While scientific research on cannabis has focused mostly on the multitude of compounds found in the budding part of the plant, a new study is rooting out therapeutic benefits from source with less visibility.
The aqueous extract derived from the roots of a pot plant — of which cannabissativine (CsAqEx) is the main component — presents anti-inflammatory activity in mice without noticeable negative side effects or toxicity, according to a study published in the Journal of Ethnopharmacology.
Specifically, researchers found CsAqEx is associated with the reduction of vascular extravasation — the leakage of blood or other fluids from a blood vessel or tube — and the migration of inflammatory cells, which help reduce inflammation at affected sites. No effects to the central nervous system were observed, and there was no spasmolytic effect — the contraction of soft tissues — in airways.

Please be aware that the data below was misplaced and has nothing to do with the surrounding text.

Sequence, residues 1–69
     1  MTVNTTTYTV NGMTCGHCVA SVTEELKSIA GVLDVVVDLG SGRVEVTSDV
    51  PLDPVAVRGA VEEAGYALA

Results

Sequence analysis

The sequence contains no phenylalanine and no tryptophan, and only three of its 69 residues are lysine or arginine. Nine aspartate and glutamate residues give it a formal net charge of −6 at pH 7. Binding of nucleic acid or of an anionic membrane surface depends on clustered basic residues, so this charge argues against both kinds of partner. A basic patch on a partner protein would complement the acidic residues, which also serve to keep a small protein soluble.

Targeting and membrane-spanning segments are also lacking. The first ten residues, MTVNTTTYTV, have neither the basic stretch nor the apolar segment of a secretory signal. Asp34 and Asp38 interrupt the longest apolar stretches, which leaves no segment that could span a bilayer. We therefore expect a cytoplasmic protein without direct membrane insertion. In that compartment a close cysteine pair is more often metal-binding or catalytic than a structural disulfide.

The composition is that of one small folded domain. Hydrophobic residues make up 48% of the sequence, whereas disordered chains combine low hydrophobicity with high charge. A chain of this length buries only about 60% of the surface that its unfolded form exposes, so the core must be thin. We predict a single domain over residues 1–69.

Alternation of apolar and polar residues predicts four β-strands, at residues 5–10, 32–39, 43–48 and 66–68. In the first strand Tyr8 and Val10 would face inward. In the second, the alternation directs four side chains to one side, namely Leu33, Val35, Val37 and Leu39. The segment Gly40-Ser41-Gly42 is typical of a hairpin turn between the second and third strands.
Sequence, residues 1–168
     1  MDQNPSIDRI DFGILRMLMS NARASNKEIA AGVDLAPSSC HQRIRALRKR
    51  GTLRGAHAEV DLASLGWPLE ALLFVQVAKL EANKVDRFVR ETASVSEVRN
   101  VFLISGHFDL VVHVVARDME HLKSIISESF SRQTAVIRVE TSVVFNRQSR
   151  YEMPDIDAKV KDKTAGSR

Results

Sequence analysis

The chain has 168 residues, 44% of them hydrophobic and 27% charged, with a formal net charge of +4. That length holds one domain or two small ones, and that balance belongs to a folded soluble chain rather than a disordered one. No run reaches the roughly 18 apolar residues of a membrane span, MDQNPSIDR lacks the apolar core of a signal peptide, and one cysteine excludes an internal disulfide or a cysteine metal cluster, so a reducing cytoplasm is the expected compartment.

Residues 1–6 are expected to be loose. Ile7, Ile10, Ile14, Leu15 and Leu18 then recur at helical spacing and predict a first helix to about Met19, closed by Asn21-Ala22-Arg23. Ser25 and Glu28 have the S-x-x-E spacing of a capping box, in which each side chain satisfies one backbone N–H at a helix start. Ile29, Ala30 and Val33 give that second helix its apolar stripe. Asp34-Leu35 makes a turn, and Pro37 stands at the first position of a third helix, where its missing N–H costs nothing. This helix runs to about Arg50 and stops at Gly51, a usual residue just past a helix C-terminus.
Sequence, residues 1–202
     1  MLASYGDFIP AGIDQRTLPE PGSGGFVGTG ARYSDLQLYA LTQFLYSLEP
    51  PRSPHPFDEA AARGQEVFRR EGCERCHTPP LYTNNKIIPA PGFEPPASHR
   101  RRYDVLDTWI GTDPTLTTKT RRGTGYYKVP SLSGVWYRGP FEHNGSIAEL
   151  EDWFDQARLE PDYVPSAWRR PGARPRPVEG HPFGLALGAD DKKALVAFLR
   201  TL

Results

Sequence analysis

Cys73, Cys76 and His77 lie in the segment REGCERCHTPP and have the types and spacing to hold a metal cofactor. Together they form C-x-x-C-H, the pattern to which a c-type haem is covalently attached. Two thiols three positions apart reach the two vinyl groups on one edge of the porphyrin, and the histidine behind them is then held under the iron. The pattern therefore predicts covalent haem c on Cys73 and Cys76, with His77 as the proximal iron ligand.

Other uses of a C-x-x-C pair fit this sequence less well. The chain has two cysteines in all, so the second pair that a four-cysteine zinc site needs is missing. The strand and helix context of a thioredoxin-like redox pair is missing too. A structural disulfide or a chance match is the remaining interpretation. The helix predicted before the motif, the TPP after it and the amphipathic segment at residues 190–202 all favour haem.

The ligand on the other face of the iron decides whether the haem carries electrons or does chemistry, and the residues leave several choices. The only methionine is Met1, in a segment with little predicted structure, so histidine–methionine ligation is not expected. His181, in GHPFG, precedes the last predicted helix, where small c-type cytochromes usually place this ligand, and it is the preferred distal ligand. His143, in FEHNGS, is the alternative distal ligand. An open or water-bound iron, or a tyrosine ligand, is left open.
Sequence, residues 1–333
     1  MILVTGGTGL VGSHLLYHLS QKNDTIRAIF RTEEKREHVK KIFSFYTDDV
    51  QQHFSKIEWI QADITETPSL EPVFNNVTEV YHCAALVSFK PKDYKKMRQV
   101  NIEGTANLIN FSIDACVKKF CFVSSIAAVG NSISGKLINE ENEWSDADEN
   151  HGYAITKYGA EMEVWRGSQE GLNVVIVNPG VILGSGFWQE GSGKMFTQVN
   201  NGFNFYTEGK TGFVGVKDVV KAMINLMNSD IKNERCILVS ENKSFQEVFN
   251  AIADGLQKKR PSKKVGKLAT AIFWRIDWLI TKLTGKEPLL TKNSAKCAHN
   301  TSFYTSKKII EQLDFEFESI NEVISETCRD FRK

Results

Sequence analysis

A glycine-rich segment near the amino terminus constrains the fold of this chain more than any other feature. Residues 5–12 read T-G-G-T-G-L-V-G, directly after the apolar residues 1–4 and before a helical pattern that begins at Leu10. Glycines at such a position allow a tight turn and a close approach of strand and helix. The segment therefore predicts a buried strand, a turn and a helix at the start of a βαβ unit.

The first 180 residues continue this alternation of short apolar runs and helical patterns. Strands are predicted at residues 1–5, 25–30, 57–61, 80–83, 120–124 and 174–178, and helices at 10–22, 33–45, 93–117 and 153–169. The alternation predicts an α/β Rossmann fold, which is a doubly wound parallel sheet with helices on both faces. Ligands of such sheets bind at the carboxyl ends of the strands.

The results suggest that the anti-inflammatory effect of CsAqEx is related to the reduction of vascular extravasation and migration of inflammatory cells, without effects on the central nervous system. Moreover, there was no spasmolytic effect on airway smooth muscle and no toxicity was observed on mice.